By Bill Donohue, $26.99, Faithwords, 258 pages.
Regarding Catholic dissidents, America's Catholic League president Bill Donohue writes: "What would make them happy? It's not clear even the dissidents know at this point. That is why they have become dissidents: they reckon that if they can't get their way, neither should the rank and file get what they want. Indeed, they'd rather be a nuisance than bolt."
Donohue, trained as a sociologist, writes primarily from his personal experiences battling against both Catholic dissidents and secular anti-Catholics – terming them all “nihilists.” A nihilist is someone who wants destruction for the sake of destruction. As Donohue points out, this contrasts with Marxists, who wanted to destroy capitalism so that they could build the perfect socialist society.
Secular Sabotage shows how nihilism has a particularly nasty edge to it. Nihilists don't take responsibility for their actions, nor have any respect for the Catholic individuals or the Church that they attack. They blame the targets of the attacks for the attack, much as Nazis blamed the Jews for antisemitism.
Donohue sees through the nihilist and radical left's smokescreens. These people, he notes, love humanity in the abstract, but have little respect or love for real people. They go so far in their disrespect of people to disrespect democracy, which is why such radicals rely on judicial activism in Western countries to overturn Judeo-Christian values.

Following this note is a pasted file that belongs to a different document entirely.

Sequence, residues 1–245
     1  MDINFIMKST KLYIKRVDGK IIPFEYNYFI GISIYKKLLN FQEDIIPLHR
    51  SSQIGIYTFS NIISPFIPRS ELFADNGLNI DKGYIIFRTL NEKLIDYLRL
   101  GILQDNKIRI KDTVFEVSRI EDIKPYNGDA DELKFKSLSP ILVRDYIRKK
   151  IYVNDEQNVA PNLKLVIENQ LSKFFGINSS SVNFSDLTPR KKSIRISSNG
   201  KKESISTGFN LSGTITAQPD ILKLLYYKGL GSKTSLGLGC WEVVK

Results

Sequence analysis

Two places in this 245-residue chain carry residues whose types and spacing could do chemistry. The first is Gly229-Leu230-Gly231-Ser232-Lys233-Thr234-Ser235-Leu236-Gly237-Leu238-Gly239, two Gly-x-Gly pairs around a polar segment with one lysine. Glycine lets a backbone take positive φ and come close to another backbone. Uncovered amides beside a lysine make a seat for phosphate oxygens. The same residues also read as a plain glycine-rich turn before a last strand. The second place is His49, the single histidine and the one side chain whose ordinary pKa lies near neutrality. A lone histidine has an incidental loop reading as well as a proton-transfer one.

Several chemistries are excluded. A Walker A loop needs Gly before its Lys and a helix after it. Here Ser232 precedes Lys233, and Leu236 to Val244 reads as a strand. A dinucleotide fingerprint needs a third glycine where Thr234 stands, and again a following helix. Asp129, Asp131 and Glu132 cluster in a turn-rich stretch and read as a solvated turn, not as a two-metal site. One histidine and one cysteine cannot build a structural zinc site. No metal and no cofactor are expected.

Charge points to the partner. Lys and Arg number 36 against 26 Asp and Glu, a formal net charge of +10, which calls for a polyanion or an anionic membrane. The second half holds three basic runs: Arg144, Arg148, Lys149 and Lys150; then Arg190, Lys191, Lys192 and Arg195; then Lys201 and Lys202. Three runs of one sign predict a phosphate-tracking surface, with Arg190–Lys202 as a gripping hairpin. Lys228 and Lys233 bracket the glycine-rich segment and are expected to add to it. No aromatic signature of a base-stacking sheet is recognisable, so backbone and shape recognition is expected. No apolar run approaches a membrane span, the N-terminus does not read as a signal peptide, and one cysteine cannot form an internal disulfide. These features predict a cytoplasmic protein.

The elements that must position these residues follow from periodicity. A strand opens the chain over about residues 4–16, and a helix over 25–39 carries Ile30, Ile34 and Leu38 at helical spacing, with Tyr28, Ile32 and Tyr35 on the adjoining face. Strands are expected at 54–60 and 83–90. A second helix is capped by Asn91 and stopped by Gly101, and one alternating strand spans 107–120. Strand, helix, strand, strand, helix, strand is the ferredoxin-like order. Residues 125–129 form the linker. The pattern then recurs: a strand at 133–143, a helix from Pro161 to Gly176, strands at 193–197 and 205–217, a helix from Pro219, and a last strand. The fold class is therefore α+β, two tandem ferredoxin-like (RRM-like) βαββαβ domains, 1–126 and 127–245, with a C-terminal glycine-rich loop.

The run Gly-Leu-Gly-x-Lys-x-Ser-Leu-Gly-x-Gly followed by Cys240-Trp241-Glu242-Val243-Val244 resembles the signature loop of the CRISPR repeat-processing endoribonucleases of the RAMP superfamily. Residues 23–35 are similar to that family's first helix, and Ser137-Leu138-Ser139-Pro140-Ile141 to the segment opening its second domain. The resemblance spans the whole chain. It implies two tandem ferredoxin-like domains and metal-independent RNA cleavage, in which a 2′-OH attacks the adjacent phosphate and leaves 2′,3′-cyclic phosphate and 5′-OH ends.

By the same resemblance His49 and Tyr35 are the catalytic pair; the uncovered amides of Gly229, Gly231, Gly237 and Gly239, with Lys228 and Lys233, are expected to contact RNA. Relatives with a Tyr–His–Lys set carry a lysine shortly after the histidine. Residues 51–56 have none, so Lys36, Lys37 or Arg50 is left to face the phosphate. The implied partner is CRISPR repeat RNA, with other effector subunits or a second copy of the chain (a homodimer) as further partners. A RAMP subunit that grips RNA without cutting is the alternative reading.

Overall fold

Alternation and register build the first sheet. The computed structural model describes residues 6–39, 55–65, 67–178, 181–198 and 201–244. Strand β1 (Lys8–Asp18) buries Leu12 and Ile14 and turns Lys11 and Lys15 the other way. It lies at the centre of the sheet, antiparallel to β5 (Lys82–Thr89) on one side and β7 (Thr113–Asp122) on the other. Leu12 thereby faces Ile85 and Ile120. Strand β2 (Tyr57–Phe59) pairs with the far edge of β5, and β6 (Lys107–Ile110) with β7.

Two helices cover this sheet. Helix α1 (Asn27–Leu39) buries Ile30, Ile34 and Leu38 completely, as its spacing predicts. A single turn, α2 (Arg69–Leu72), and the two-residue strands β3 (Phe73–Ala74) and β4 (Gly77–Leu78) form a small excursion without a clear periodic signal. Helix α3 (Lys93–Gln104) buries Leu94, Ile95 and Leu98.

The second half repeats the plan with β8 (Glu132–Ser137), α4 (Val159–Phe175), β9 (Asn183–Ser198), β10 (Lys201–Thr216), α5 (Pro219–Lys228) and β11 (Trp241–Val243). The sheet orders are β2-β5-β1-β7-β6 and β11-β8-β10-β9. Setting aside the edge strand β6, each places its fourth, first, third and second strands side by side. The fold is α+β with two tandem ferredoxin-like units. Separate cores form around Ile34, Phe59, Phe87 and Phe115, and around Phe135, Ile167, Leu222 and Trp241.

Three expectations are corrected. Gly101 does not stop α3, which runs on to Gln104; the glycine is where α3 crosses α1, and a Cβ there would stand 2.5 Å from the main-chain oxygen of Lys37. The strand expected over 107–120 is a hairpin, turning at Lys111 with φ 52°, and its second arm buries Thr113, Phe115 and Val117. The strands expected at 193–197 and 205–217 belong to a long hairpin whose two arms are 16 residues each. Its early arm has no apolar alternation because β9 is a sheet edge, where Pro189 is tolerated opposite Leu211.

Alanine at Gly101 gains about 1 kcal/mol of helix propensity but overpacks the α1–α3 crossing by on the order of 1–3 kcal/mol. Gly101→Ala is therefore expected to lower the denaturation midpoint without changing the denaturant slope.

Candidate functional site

Donohue as Catholic League president has had to fight a constant stream of lies and slander against the Church and Christianity, such as the claim – often made by Catholic dissidents – that the Church has more than 1 teaching on abortion.
Other lies and slander include: the Church has long opposed science; America's founding fathers were not deeply Christian; the separation of Church and state means that religion cannot enter the public sphere (when in fact, while that was allowed, the state's interference in religion was what was actually meant); the notion that pedophile priests result from the vow of chastity, when Richard John Neuhaus and others have correctly argued that if these men had been following their vows in the first place the pedophilia would never have happened.
Donohue's words often capture the spirit of opposition to the Church, such as the following: "Fixated on church-state issues, the ACLU has had much to say about paring back religion's role in society, but precious little about its free exercise. That's because the ACLU actually fears religion."
Radical feminists also hate and fear the Church and its stances on human sexuality and reproduction, and carry this hatred into the whole world, including the diplomatic world of the U.N. Donohue notes the "prevalence of anti-Catholicism" at the 1994 U.N Cairo Conference on Population and Development.
Secular Sabotage reflects the fact that Donohue is a tough character, which probably comes from having to fight a multi-frontal assault against his Church. He doesn't avoid examining the role of Catholics themselves in this malice, singling out nuns and sisters as having been particularly hurtful to the Church: "Most Catholics ... would be shocked to learn just how out of control some of these nun/activists have become." Donohue's hope for the Church and society is a tough hope. He doesn't seem ready to give up the fight just yet.